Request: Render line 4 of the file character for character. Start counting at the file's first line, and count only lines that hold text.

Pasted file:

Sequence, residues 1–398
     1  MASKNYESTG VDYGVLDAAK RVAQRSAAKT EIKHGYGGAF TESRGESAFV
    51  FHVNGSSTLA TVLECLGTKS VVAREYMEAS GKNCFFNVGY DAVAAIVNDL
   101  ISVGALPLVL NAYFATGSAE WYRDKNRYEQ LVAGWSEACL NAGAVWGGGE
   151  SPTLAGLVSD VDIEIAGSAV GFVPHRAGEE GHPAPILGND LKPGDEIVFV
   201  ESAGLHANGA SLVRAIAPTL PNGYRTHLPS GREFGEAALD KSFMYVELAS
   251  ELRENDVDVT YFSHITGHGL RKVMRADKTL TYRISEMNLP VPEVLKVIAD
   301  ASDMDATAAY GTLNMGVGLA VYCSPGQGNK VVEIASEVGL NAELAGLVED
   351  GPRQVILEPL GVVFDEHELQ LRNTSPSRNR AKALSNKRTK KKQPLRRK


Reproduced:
   101  ISVGALPLVL NAYFATGSAE WYRDKNRYEQ LVAGWSEACL NAGAVWGGGE